Before we do a deep dive into blocking, let me give you a little summary of the three methods you can use. The first one is called wet blocking. Personally, this is my favorite method. It is perfect for all types of natural fibers, and will ensure that your project can stretch fully and also maintain it’s form after use.

The next method is spray blocking. Spray blocking is perfect for smaller projects, ones that need to be block, but not stretch drastically. Again, this method works for natural fibers.

The last method is steam blocking. This one was the scariest for me to try— but it’s actually not as bad as I thought! Steam blocking is for acrylic yarn, and it will TRANSFORM your crochet experience. I’m serious. The cowl I showed you pictures of was steam blocked; it actually amazed me how well it worked!

So wait no longer! Let’s dive into these methods together!

Method 1: Wet Blocking

Use this method if:

  • Your project is made out of any natural fiber
  • You have a project that needs to be stretched or shaped a lot

Do NOT use this method if your project is made out of acrylic yarn. Unlike natural fibers, moisture does not affect acrylic.


  • A sink
  • 2 towels (or 1 towel and a blocking board, if desired)
  • Pins (rust-proof is best)

Step 1:

Fill a sink with cold or lukewarm water. Since you’re using natural fibers with wet blocking, you don’t want the water to be hot. (Unless, of course, you’re aiming to felt it–which would be the opposite of blocking!😝)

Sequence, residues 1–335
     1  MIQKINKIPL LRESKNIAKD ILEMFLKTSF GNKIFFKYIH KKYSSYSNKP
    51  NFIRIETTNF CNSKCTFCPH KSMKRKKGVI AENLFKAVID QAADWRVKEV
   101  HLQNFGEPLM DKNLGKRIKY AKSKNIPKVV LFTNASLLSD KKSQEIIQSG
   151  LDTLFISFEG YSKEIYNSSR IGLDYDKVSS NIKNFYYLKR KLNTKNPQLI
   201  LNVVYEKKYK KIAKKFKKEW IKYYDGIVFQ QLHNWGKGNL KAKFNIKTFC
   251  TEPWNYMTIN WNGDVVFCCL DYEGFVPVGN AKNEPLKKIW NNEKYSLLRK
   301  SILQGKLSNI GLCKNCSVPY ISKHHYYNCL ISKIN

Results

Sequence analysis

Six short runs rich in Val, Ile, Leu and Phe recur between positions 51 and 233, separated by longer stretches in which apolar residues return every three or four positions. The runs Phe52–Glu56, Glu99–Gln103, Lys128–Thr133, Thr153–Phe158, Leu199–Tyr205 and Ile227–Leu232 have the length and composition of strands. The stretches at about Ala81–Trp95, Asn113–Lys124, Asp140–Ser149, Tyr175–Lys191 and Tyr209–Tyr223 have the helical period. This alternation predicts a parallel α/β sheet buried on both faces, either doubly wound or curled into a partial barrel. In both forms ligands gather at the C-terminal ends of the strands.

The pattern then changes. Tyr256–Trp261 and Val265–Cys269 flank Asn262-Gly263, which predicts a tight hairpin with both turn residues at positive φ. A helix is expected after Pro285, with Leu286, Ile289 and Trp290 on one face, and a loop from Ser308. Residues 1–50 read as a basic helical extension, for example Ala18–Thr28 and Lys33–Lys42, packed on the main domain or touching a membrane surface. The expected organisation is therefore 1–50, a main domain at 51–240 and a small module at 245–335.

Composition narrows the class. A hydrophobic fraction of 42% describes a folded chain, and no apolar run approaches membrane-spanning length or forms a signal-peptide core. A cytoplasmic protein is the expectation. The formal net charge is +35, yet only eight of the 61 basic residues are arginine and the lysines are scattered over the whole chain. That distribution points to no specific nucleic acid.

Step 2

Put your project in water, fully immersing it.

Step 3

Let your project soak. You want to let it sit until it becomes completely saturated. I normally let mine sit for 15-20 minutes. If your project is large, you may want to rotate it halfway through to make sure the whole thing is wet enough.

Step 4:

Drain the sink. Take your project and carefully squeeze the water out. DO NOT twist it when you squeeze, as this can cause it to lose shape. Instead, take large sections and squeeze gently, pressing the water out. Note that you will not get all the water out this way. That’s what the next step is for…

Step 5:

Take a towel and roll your project in it. Press down gently all over the towel in order to soak up any excess water.

Step 6:

Take another towel and lay it out flat. Spread your crochet project on it. You can use a blocking board instead of a towel if you’d like, but in my experience a towel works perfectly fine.

Step 7:

Pin your project to the towel. Adjust the stitches to lay exactly how you want it to look when finished. Don’t be afraid to stretch the fabric out a lot—that’s exactly the point of wet blocking!

Step 8:

Let your project dry completely. I usually let mine sit overnight to ensure it is fully dry. Finally, take out the pins, and you’re all done!


1/ Adalyn Pullover 2/ Moonbeam Baskets 3/ Pansy Stitch Pattern



  • Your project is made out of natural fibers
  • Your project does not need to be stretched drastically
  • You need to get your blocking done in a small amount of time

Don’t use this method if your project needs to be shaped and stretched a lot. For that type of project, use wet blocking instead.